Introduction to Mold Making Silicone 101
Silicone mold making rubber is often the best choice for creating a variety of mold types. The mold rubber consists of a two-part RTV material. Room temperature Vulcanization materials are frequently referred to in mold making materials as RTV. This class of silicone rubbers cure at room temperature, without the need for added heat as other materials might. Even so, the higher the ambient temperature, the faster RTV silicone rubbers will cure.
RTV silicone rubbers are divided into two families; poly-condensation or tin-cure and poly-addition or platinum-cure. The chemical catalyst that causes the mold rubber to change from a liquid to a solid contains tin in the former and platinum in the latter, as the names imply. Of the two, the platinum-cure is the most expensive to purchase due to the precious metal that it contains. But the platinum silicone offers better mold stability, longer life and less shrinkage.
For every pro there is usually a con, and in this case, the addition-cure rubber is especially sensitive to inhibition from a wide variety of materials such as sulfur that is often found in certain modeling clays. Thus, the base (Part A) and the catalyst (Part B) must be combined very precisely to produce a good cure. On the other hand, condensation-cure rubber is less expensive (after all it is tin compared to platinum), has almost a trouble-free curing, and is not sensitive to inhibition as is its higher priced cousin.
Unlike the silicone caulking found in home improvement stores, condensation-cure and addition-cure silicone rubbers are two-part systems consisting of a base and a catalyst. Condensation-cure silicone rubber yields accurate, chemical resistant molds for casting resin, foam, plaster, and wax. These tin-cure silicone rubbers are the easiest to work with are not easily inhibited by contamination. Tin-cure silicone rubbers often have mix-ratios other than the one-to-one mix ratios found in addition -cure rubbers. Thus, they require an accurate gram scale for mixing exact amounts by volume.
Tin-catalyzed mold rubbers make economical production molds and are often a good choice for mold makers, but at the expense its shorter storage life (known as library life) than platinum-cure mold rubbers That is because as condensation-cure rubbers age, they lose elasticity, become brittle and the surface tends to pill. Modern addition-cure formulated silicone rubbers offer longer library life, but, foundries may require twenty-five years or more, which condensation-cure rubbers could not possibly meet. So if a longer library life is required then there are just two choices, polyurethane rubber systems and platinum-cured silicone mold rubbers.
Platinum-catalyzed silicone rubbers offer other advantages besides extended archival life. An important consideration is that they will cure with virtually no shrinkage to a durable, long-lasting, chemical resistant rubber. The sizing accuracy advantage alone often far outweighs the added cost of the product, making it the popular choice of the prototyping industry. In prototyping, detail is an issue and platinum-cure silicone rubbers deliver. For resin casting, foam casting, and archived molds for foundry patterns, addition-cure rubber is the best choice if budget permits. However, special care must be taken when using a platinum silicone rubber as it is easy to contaminate which will prevent the rubber from curing leaving a viscous sticky mess on your pattern.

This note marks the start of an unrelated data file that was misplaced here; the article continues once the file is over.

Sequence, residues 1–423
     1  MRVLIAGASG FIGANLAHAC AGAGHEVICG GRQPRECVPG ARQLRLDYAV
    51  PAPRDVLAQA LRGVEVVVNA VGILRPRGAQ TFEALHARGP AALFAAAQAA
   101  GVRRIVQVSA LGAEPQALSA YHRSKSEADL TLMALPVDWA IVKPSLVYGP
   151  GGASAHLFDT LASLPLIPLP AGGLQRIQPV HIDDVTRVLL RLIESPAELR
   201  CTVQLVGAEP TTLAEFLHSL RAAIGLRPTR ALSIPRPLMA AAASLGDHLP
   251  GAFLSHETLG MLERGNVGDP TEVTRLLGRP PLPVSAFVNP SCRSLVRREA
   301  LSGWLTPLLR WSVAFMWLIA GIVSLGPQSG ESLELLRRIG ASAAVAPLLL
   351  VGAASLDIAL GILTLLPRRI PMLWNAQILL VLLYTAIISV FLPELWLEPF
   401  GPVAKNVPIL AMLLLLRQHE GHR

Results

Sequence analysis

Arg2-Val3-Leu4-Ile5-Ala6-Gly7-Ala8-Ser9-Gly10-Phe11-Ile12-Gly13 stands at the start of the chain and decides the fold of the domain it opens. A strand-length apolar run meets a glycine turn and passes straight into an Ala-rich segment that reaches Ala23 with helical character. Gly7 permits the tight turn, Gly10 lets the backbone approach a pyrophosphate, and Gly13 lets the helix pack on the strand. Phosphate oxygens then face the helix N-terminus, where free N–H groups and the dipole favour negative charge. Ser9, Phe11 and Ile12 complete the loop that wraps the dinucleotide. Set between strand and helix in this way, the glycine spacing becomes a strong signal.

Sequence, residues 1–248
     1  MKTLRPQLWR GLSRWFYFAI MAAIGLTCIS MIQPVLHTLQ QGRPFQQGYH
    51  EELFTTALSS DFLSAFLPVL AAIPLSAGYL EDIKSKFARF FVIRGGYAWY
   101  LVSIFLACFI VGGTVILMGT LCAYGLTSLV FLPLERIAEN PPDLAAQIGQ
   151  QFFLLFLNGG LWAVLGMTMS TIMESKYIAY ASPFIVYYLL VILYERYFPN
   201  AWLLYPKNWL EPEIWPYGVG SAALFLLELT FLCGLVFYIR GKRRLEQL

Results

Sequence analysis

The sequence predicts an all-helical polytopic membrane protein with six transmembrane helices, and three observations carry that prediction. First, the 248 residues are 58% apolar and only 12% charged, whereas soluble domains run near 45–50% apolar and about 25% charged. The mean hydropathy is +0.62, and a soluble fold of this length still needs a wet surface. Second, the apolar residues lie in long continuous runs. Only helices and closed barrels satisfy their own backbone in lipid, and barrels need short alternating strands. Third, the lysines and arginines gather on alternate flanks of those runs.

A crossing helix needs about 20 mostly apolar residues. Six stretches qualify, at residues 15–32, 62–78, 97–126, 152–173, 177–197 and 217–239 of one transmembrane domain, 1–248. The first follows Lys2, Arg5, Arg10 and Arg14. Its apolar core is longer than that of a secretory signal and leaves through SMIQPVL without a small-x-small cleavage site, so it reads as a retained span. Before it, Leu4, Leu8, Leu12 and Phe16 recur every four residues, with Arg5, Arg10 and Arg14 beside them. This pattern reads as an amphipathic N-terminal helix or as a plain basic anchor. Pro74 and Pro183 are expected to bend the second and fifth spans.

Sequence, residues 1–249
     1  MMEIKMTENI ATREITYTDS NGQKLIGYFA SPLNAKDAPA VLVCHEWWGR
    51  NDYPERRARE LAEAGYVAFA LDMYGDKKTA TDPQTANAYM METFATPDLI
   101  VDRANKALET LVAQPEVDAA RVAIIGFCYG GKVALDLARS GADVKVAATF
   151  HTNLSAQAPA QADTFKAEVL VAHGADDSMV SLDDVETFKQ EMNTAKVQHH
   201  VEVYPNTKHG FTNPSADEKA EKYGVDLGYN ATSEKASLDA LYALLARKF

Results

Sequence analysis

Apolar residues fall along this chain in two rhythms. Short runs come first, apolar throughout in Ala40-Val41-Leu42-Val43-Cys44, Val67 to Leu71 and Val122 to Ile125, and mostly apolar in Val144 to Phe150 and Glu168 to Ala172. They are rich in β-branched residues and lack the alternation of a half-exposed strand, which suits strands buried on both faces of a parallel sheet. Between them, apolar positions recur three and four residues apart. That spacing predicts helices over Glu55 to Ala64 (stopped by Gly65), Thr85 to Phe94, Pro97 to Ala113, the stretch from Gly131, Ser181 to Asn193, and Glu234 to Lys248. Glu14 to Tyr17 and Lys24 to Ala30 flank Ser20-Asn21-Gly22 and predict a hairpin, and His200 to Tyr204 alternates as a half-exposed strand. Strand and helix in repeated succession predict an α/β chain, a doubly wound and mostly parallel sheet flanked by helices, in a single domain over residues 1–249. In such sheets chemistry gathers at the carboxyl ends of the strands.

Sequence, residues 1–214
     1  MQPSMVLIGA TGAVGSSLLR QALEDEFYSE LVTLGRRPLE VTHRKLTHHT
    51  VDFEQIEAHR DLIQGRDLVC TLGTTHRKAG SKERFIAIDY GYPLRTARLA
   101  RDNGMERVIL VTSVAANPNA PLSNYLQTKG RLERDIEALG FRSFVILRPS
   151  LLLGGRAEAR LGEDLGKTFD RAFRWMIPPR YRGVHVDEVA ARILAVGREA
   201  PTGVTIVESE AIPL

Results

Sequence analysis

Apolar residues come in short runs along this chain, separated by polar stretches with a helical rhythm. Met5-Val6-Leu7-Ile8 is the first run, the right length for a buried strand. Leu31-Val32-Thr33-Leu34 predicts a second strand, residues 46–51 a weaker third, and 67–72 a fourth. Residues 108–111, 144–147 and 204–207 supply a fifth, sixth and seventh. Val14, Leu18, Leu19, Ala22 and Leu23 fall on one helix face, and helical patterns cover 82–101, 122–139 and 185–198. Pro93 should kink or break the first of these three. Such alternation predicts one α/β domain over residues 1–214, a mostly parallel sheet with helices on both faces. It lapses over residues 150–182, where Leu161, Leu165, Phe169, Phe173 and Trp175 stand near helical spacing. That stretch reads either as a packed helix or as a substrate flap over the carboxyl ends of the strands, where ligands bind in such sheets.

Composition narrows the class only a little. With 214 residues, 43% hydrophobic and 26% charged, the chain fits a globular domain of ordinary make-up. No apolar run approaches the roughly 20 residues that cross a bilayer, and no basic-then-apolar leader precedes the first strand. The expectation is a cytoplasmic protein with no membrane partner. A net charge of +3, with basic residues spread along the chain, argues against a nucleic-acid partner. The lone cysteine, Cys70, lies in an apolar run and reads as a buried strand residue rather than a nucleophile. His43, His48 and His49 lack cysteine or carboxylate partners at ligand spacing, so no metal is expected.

Since platinum-catalyzed silicone is recommended for a number of applications, a special attention needs to be made to its sensitivity to contamination. Cause for silicone inhibition includes not properly measuring out the specified mix ratio or not, thoroughly mixing the base and the catalyst together. Also addition-cure silicone is temperature sensitive, so using the platinum-cure silicone in an environment that is too cold may also lead to inhibition.
Contaminants such as sulfur and wax will cause inhibition. For example, if you are using oil-based clay and the clay contains sulfur (oil contains sulfur), the sulfur in the clay will cause an improper cure when the silicone comes in contact with it. Also, many waxes are petroleum-based, thus may contain sulfur. Even simple latex gloves can also cause inhibition as latex contains sulfur. Thus, you should use only non-sulfur-based clay and gloves other than latex.
RTV silicone are excellent choices for any mold maker. One big advantage, as unlike other mold rubbers, silicone rubbers often don’t require a mold release, though using one will prolong the life of the mold. Knowing the differences between the two families of silicone rubbers and how to apply them will make you a much better mold maker and will enable you to make the right choice of the available silicone mold rubbers in the market place.
Happy mold making!